Banking on climate action: NAB reflects on the bank’s progress, and what comes next.



NAB Chief Climate Officer Jacqui Fox sits down with senior writer Richard Gluyas to discuss all things climate.

NAB is considering its next environmental financing ambition after topping its cumulative $70bn target in 2022, three years earlier than anticipated for the 10-year period to 2025.

In its 2023 Climate Report, the bank also unveiled interim decarbonisation targets for three of its more emissions-intensive lending portfolios – aluminium, iron and steel and aviation, with the intention to release further targets next year.

The number of announced interim sector targets aligned with capping global warming at 1.5C has increased to seven, including thermal coal, power generation, oil and gas and cement, all of which have been disclosed.

About 70 per cent of the bank’s estimated financed emissions is now covered by decarbonisation targets.

NAB chief climate officer Jacqueline Fox said the pace of transition is an important issue, particularly among the bank’s bigger customers, ahead of the proposed application of disclosure rules for climate-related financial information to companies with annual reporting periods after July 1, 2024.

“With impending disclosure requirements, our larger customers are becoming a lot more aware, although many of them already have strong momentum,” Ms Fox said.

NAB Chief Climate Officer Jacqueline Fox

“The pace of change can differ according to the industry; for example, we have customers operating in harder-to-abate industries, which despite efforts face significant challenges.”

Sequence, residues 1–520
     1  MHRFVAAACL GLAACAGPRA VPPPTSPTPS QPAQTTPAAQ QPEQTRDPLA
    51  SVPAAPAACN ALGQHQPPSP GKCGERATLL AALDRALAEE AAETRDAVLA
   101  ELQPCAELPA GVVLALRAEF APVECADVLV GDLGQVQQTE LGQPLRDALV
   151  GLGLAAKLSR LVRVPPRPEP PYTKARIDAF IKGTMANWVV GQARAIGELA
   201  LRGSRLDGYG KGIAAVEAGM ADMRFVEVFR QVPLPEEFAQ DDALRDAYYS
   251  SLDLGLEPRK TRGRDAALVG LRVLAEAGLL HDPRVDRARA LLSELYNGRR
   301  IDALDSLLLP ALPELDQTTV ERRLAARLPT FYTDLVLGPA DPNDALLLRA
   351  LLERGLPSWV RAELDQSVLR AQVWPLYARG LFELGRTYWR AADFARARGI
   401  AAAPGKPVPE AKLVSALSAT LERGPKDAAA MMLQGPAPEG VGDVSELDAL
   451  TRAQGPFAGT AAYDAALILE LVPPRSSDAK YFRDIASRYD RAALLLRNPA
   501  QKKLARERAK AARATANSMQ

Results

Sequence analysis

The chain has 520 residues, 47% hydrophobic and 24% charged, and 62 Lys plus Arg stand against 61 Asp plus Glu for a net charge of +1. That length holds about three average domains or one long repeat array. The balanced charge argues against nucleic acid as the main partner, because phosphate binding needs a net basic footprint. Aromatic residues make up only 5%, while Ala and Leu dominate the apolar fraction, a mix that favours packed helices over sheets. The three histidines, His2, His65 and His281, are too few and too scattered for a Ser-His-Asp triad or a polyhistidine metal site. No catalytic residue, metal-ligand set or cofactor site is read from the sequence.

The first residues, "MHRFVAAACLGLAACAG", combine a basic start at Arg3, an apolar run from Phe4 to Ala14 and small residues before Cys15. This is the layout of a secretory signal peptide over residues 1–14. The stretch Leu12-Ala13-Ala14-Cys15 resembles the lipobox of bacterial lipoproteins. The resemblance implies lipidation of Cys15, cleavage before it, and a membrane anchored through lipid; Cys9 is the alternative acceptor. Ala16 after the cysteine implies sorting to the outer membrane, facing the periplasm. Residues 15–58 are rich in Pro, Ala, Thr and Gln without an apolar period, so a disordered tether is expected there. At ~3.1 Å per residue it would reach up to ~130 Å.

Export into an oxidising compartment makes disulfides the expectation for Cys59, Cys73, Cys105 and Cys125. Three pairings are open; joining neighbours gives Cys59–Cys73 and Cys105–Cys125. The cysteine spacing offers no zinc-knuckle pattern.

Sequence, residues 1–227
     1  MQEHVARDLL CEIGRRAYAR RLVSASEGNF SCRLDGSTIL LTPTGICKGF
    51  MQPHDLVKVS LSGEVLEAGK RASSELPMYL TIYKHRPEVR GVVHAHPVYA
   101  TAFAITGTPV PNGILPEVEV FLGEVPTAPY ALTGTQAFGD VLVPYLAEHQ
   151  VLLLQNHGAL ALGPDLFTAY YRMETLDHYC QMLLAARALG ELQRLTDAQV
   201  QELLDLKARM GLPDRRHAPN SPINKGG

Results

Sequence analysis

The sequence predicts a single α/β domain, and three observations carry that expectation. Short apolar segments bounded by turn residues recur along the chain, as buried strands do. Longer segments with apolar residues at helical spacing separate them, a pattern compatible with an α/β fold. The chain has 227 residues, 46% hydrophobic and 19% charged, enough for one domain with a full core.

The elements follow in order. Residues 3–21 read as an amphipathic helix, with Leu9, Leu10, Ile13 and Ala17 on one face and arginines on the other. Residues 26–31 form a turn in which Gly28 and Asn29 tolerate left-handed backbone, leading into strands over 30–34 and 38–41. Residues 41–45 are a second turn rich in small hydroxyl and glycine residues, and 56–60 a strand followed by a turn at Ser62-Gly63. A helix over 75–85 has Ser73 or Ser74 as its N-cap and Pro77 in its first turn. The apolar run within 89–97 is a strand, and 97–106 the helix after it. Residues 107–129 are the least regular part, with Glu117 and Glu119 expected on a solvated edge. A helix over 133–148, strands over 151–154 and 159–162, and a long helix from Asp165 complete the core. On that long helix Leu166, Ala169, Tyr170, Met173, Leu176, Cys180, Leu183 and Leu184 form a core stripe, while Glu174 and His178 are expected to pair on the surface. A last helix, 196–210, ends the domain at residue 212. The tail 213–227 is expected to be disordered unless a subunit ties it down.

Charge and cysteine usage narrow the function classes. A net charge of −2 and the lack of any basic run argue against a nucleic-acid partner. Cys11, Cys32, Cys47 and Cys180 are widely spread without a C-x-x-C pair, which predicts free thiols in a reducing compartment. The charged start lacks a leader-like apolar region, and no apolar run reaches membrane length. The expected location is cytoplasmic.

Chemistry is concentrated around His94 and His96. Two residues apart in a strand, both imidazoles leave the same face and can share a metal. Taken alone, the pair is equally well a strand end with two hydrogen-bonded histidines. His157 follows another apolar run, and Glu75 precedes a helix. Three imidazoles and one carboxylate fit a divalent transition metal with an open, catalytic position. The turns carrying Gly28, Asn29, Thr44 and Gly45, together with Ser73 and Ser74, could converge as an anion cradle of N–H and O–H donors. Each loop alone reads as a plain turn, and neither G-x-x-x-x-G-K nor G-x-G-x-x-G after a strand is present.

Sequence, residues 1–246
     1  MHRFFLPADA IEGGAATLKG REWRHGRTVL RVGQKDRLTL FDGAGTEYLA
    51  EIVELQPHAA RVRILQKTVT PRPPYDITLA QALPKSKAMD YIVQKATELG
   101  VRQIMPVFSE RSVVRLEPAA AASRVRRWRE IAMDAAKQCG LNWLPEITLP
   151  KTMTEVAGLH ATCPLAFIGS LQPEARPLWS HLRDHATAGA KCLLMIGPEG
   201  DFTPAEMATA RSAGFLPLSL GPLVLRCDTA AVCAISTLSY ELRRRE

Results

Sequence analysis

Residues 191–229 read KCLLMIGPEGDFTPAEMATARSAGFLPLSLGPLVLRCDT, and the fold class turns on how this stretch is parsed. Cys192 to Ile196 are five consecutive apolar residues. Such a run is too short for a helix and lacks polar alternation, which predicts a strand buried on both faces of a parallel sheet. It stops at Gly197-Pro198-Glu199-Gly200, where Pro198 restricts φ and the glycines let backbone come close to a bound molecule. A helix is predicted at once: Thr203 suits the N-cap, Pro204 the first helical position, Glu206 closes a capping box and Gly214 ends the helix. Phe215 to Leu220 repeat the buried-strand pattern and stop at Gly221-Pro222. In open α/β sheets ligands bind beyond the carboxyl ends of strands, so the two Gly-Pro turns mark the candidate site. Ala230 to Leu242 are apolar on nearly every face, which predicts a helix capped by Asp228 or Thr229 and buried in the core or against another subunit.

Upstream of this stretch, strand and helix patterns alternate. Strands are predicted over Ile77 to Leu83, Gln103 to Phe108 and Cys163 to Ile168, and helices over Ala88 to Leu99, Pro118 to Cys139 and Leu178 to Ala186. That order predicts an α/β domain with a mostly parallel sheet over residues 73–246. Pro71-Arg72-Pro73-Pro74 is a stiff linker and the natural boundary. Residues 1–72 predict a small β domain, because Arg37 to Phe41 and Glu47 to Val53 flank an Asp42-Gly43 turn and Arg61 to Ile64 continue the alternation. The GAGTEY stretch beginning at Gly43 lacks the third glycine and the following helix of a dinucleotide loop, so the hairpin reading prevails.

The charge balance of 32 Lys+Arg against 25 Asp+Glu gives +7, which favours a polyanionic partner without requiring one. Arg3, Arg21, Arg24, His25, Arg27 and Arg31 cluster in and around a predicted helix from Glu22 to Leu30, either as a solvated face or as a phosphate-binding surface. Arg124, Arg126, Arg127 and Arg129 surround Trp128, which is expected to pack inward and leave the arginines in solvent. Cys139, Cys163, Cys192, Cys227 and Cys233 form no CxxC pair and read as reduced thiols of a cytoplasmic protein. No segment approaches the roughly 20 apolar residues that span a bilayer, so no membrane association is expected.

“Corporate and business customers, as well as personal bank customers, are also taking their own action to understand and improve their carbon footprints as well as manage costs.”

In 2022, NAB achieved its ambition to provide $70bn in environmental financing to help address climate change and support the transition to a low-carbon economy, reaching a cumulative total of $70.8bn.

The bank said it had retired its previous target and was now taking some time to consider a new ambition alongside its sector transition planning.

This would recognise evolving market and regulatory expectations, such as the adoption of a national construction code, and the Australian Sustainable Finance Institute’s proposed sustainable finance taxonomy – a set of common definitions for sustainable economic activities.

The bank’s transition has also been partly informed by a report it commissioned from Deloitte Access Economics called “All Systems Go: Powering Ahead”.

Modelling in the report found there was a $435bn economic opportunity from transforming to a net-zero economy by 2050, guided by domestic targets and restructuring of the industrial base to establish a clean energy platform to drive export growth.

Deloitte also found that existing exports would fall by $270bn under today’s net-zero policies if the nation failed to transform and grow new export opportunities.